How to teach students to sniff out fake news

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Profs use Four Moves model in classroom experiment

Screen shot of Ginni Thomas' Facebook page, showing the post of the bloody Mexican officer meme.

Last week I shared with my class the story behind the bleeding Mexican cop meme that went viral in immigrant caravan conspiracy circles.  When I got to the punchline — that the photo of the bleeding officer was actually made six years ago in a Mexico City protest march — my students’ jaws dropped.

The students are more critical of information sources than most — we teach these young journalists the old adage, “If your mom says she loves you, you better check it out.” But this blatant fake news shared by prominent people floored them. I was surprised that they were surprised.

But I shouldn’t have been. They are like any of us: barely keeping up with our splintered news gathering and distribution system. We are showered with links that meld news, opinion, fact and fiction in our social media timelines.  Stanford found that even professional historians had a hard time correctly identifying fake news provided by an organization that many consider a hate group.

“Four Moves” to spot fake news

Graphic shows the four moves and a habit for quickly determining whether an online article is fake news: 1. Check for previous work. 2. Go upstream to the source. 3. Read laterally. 4. Circle back. The habit: check your emotions.Over two recent class periods, my Media and Influencer Relations class participated in a teaching experiment to improve online and civic information literacy.

We followed a simple set of steps outlined in the Four Moves blog, the work of Mike Caulfield at Washington State University.

We started with a warmup exercise: Would they use this information as a source for an article on bullying? Two-thirds said they would NOT use this source. Of those, most said they started with a “gut feel” that the article was fake news. They noted the lack of psychology sources and the “low professionalism” of the writing.

Of these doubters, most tried to verify their hunch. Primarily, they went to the “about” page and did general Google searches on the subject terms. Some of them researched the organization itself.

In the end, maybe two of the 15 students ran this to ground, discovering that the source masquerades as a legitimate medical association, but is really a front for people opposed to adoptions by gay couples. They took up to five minutes, in a classroom where they were expected to spot fake news.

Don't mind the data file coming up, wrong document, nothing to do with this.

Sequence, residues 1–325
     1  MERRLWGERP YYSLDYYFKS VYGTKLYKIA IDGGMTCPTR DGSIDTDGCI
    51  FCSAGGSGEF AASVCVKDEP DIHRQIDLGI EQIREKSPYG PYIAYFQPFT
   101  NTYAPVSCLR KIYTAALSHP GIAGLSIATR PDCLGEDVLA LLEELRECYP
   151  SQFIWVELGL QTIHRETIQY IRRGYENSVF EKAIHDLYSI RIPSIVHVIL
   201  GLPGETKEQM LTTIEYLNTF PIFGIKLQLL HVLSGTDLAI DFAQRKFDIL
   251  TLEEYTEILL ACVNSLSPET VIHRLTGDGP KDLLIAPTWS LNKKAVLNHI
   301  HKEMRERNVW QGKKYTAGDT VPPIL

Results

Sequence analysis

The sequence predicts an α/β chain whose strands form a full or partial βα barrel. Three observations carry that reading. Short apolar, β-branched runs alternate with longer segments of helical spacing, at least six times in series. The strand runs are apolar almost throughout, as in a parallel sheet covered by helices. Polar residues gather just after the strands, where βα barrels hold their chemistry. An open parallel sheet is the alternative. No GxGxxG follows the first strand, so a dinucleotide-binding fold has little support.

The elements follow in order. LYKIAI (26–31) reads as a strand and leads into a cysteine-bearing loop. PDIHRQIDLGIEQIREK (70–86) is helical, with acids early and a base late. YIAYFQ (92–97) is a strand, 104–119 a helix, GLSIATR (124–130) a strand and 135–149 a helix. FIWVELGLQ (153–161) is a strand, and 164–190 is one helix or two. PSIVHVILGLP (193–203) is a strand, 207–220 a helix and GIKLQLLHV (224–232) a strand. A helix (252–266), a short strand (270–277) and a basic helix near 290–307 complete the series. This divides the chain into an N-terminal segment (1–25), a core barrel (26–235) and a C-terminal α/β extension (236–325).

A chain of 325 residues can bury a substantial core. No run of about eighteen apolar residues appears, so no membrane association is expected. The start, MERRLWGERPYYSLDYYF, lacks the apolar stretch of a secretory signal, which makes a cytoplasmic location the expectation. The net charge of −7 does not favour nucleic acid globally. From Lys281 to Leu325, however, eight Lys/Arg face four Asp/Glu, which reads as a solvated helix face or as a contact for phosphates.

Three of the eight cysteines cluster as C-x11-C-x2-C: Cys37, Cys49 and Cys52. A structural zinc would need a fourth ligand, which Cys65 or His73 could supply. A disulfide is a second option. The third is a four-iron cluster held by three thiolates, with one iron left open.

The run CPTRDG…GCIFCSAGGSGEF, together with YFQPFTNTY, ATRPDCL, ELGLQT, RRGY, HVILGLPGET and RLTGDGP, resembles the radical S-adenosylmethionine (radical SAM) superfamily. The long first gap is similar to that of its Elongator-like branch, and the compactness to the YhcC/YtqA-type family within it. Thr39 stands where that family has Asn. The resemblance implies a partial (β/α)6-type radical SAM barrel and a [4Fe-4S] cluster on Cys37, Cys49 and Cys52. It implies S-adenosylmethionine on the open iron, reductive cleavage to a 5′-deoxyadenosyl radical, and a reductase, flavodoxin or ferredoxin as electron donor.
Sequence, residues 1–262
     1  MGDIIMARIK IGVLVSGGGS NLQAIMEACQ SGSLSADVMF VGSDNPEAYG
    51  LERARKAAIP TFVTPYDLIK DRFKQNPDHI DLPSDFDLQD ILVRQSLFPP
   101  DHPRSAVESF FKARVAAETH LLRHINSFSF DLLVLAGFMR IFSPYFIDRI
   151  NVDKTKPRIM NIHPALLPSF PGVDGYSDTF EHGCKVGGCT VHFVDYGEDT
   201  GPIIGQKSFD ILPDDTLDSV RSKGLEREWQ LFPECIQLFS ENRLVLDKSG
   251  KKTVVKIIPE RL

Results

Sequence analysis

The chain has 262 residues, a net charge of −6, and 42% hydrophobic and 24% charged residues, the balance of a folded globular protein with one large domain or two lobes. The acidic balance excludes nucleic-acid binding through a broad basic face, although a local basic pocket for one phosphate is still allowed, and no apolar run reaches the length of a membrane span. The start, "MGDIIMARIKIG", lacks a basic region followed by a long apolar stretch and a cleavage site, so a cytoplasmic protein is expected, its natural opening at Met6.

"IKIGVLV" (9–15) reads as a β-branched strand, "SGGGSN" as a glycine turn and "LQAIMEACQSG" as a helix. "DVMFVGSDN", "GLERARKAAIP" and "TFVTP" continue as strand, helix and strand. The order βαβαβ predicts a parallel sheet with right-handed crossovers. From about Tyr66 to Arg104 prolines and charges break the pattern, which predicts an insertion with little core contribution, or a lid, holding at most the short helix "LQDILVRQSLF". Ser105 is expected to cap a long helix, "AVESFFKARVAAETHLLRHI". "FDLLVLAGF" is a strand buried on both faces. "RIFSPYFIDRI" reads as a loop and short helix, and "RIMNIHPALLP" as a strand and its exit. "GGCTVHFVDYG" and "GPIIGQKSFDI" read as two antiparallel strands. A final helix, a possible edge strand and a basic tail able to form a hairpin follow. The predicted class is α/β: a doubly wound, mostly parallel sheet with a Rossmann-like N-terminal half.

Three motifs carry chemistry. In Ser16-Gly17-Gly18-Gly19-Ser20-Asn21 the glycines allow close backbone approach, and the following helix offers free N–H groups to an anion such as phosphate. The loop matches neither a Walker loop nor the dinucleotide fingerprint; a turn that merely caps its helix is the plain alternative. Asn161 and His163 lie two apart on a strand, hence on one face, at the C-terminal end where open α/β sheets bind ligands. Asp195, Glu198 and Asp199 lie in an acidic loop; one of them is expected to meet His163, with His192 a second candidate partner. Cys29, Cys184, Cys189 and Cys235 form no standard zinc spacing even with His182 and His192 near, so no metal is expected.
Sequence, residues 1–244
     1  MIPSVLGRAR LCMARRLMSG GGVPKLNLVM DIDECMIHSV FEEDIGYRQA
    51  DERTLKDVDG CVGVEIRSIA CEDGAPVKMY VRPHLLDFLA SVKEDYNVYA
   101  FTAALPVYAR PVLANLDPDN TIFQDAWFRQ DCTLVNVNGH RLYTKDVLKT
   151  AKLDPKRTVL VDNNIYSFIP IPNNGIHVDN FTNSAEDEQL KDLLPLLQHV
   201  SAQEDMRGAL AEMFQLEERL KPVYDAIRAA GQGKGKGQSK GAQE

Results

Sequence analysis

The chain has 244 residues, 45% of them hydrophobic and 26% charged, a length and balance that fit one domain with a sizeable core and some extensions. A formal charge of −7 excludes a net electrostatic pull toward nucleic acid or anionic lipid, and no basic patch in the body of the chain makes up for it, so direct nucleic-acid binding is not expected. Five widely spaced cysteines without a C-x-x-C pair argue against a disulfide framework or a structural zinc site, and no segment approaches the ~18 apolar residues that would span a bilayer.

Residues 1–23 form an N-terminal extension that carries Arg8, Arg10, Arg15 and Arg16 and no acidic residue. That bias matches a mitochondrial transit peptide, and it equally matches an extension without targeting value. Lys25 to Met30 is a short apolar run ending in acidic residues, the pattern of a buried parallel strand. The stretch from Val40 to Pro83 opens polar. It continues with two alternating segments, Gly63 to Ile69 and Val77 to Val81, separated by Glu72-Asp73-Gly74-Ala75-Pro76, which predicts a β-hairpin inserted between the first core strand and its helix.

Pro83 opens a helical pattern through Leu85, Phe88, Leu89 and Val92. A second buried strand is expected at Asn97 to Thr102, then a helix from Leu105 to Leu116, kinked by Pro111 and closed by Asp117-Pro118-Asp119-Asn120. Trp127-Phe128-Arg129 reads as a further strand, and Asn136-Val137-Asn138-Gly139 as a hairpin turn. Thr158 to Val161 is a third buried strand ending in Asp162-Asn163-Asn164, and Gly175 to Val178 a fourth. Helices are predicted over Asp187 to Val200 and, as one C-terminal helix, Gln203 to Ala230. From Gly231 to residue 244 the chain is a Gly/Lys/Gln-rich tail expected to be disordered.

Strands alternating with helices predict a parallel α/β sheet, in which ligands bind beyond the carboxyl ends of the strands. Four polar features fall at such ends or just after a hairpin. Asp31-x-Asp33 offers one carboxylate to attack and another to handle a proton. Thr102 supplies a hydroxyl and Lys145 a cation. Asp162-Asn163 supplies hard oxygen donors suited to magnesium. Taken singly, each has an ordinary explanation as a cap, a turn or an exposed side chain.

Who among us gives that much diligence to investigating links friends share with us?

Developing new habit

The cool thing about the Four Moves method is that there are quick verification steps you can take before you even spend time reading an article. It can become a habit like washing your hands before eating: Google search a headline or source name, filter it down to News results, or do a reverse image search.

My students were clearly engaged. They said they and their acquaintances have trouble quickly discerning whether information is fake news. As they plan for careers in journalism and public relations, they worried about the difficulty they will have breaking through the noise and building credibility in their communication. They also noted the impact that false information has had in politics.

They said the Four Moves classes taught them techniques they hadn’t known before: The reverse image search and the “add Wikipedia to the source URL” technique were brand new to them. Many had not known about the Google News filter. They appreciated the short cuts, such as searching headlines and source names to narrow results.

In the end, they believed that the two class periods was time well spent. And they agreed that this kind of teaching would be valuable for students in other fields.

The class was conducted under the auspices of the Digital Polarization Initiative, sponsored by the American Association of State Colleges and University’s American Democracy Project.

Steve Krizman is a communication and PR change agent who has led innovation in health care, journalism, and higher education. He currently is a tenure-track professor of PR and journalism at Metropolitan State University of Denver. Steve is sole proprietor of Connected Communication, LLC, a consultancy that helps organizations develop integrated PR, communication, and marketing programs. His particular expertise is in the health industry, including insurance, health delivery systems, and digital health.

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